What prompts these protests? Such a collective response to an election, on a scale that has never been witnessed before, prompts an intense soul-searching, although it doesn’t take long for the water to boil. The populace that voted against Trump and his policies are now trying to galvanize fear and angst against his election and stand in opposition to his decrees. Many artists supported a strike on January 20th, which called for an “act of non-compliance” and urged museums, galleries, theatres and galleries to remain closed for the day. The J20 Art Strike witnessed response from places around the country albeit in different ways. While mass outspoken dissent has taken over the stage prior and following the election result, those whose voices have no public platform for outcry have taken to social media and visual medium to cut across barriers. Dozens of banners with messages of inclusivity and anti-racism adorned the buildings across Philadelphia and Atlanta on the Inauguration day.

All the dissenters speak one tongue, inspite of different mediums which emphasizes non-acceptance of divisive attitude, corrosive of the ideas of equality enshrined in a democracy. The paradigm shift in the concept of identity and the argument of white supremacy that underlines Trump’s narrative is the fodder that fuels the artistic cannons, whose call for arms is loud, distinct and unavoidable.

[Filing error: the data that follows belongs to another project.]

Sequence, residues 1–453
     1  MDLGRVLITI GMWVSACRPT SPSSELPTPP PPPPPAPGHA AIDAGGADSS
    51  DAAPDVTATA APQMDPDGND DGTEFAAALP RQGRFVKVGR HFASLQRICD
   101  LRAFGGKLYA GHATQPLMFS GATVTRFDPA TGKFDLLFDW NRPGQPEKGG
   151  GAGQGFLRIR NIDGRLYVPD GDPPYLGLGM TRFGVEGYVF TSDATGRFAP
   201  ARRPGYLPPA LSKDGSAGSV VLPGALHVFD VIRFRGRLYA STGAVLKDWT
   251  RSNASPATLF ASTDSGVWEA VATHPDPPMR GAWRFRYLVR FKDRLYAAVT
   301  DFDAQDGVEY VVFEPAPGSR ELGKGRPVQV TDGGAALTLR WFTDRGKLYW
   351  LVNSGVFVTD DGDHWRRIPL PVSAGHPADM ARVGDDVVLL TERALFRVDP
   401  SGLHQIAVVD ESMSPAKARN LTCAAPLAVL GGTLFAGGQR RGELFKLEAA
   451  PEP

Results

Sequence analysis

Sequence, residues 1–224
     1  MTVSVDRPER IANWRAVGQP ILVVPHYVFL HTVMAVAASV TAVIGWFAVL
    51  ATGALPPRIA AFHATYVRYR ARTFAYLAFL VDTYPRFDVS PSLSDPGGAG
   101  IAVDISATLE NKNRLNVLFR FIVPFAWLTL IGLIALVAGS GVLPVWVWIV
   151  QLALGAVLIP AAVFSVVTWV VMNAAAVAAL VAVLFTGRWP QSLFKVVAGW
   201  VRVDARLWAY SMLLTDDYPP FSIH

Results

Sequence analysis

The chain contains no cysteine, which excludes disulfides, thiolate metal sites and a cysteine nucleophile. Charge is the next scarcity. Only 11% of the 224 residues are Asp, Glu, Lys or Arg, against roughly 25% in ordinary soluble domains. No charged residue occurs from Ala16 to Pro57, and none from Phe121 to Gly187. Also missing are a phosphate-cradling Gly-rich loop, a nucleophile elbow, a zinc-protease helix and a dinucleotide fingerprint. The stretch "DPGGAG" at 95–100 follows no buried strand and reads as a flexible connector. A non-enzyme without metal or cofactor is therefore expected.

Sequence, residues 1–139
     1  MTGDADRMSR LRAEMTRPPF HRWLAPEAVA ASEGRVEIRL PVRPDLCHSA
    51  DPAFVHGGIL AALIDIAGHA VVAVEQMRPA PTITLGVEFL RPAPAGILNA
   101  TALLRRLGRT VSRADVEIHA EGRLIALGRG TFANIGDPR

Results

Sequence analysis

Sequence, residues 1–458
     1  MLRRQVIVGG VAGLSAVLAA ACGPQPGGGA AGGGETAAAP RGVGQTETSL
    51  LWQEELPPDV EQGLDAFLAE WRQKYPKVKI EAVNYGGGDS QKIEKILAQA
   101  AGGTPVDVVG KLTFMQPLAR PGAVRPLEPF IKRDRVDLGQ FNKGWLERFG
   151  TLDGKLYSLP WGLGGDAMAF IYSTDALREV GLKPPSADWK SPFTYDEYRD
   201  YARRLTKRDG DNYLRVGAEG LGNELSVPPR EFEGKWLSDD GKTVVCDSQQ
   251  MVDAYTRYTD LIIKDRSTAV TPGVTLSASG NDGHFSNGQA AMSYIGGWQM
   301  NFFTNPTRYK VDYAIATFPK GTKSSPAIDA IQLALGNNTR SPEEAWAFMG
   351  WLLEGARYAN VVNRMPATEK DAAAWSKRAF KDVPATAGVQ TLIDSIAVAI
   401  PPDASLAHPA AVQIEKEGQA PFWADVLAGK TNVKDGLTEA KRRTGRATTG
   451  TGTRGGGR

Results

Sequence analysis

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article, fake news, jaipur, jaipur literature fest, jlf, Journalism, life, politics, Post-Truth, social media, Uncategorized

What is the brouhaha around POST-TRUTH?

The culminating session at the famed Jaipur Literature fest was dedicated to this deceptive word which made its appearance in the Oxford dictionary as the word of the year and has since been doing the rounds. What is Post-Truth to be precise? And why does it bug the eminent so much that we had to sit through an hour of grueling high-spirited cacophony that was the ‘debate’?

Apologies for the monotony but Post-Truth refers to ‘Relating to or denoting circumstances in which objective facts are less influential in shaping public opinion than appeals to emotion and personal belief.” Makes sense. But its sudden encroachment of the entire spotlight in the modern political debate is rather baffling. While in India, political debate has always been framed around appeals to emotions, the original area of Post-Truth cultural debate was discussed around Capitalism. But now, since the latest events have turned all the predictions of political pundits upside down, the word has made a come-back in the dominant narrative, fueled primarily by the anti-establishment wave that brought Brexit supporters and Trump to power.